In "The Most Dangerous Game," how does General Zaroff justify his hunting of human beings?

1 Answer | Add Yours

sarahc418's profile pic

sarahc418 | High School Teacher | (Level 3) Assistant Educator

Posted on

General Zaroff lives for hunting as he mentions to Rainsford when they first meet. He travelled the world looking for an animal that could match his wits, speed or strength. Zaroff lost all the joy he felt in life when he could not locate an animal to match his hunting skills.

Zaroff notes "I had no wish to go to pieces," so he would import the largest and most dangerous game possible - humans. Plus, the humans are given the opportunity for a headstart, plus a pistol. If the humans outsmart him for three days, they are returned to civilization. Zaroff assures himself that he is being fair to the "animal" by giving the soon to be victim these allowances.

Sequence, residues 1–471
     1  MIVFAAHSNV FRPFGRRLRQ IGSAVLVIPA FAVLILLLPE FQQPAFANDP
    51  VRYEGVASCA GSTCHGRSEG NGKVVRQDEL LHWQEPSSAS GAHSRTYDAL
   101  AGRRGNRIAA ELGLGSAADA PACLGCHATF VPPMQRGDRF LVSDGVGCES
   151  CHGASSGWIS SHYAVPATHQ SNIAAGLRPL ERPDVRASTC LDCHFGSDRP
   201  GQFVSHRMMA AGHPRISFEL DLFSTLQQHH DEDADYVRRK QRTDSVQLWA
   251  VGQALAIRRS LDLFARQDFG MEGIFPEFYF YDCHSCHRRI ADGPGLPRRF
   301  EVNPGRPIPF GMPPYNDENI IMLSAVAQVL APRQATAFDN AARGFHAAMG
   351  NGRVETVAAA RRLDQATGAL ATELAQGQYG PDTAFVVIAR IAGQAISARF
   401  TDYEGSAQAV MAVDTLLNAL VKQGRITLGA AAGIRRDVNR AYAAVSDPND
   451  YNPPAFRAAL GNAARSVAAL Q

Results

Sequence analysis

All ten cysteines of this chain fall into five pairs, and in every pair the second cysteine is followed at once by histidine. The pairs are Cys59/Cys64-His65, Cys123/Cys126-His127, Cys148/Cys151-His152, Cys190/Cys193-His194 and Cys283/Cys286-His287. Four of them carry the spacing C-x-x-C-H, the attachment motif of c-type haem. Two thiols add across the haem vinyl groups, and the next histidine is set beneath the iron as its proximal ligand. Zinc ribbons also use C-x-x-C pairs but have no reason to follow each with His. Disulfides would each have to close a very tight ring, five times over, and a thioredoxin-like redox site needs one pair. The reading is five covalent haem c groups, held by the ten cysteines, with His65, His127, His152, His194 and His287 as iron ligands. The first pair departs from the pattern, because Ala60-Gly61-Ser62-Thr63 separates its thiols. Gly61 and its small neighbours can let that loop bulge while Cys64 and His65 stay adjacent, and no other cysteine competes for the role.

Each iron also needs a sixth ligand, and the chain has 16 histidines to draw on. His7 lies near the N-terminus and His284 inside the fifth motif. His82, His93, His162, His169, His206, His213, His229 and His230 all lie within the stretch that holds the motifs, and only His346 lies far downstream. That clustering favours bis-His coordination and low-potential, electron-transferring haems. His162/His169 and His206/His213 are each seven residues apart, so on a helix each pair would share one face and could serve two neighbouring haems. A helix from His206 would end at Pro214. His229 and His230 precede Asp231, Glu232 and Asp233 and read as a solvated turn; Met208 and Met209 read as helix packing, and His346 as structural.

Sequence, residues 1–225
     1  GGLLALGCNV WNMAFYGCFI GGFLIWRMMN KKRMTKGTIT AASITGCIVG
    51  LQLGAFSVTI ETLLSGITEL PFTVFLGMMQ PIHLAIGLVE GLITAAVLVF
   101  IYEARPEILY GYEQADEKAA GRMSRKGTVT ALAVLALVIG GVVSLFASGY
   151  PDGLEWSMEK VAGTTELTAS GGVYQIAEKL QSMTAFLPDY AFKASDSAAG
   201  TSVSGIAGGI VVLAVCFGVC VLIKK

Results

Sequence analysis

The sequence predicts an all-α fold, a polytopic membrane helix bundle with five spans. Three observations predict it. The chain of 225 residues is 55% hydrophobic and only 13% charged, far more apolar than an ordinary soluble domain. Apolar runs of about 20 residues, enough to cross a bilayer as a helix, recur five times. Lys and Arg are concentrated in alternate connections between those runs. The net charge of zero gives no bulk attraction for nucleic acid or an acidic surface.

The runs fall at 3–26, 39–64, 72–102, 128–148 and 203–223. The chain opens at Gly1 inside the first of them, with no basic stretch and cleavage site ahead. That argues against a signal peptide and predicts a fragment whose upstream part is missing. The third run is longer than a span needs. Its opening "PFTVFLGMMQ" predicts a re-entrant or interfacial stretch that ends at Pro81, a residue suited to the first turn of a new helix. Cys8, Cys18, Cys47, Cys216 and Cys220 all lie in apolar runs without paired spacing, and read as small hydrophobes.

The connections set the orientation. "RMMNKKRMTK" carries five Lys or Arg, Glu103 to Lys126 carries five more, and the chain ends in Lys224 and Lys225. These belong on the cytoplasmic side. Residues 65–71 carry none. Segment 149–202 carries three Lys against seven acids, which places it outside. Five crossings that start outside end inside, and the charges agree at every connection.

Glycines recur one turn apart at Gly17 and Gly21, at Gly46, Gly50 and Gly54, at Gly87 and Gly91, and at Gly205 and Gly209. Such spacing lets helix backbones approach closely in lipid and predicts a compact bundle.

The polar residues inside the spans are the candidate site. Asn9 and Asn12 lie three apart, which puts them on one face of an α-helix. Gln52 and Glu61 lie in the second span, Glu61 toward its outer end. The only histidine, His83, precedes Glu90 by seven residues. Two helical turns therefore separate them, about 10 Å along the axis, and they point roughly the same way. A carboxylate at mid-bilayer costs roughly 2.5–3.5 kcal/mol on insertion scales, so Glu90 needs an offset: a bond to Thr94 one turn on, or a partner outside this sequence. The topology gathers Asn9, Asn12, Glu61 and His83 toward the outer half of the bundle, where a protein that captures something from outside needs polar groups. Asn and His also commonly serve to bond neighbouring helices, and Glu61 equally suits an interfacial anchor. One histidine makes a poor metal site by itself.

We’ve answered 318,984 questions. We can answer yours, too.

Ask a question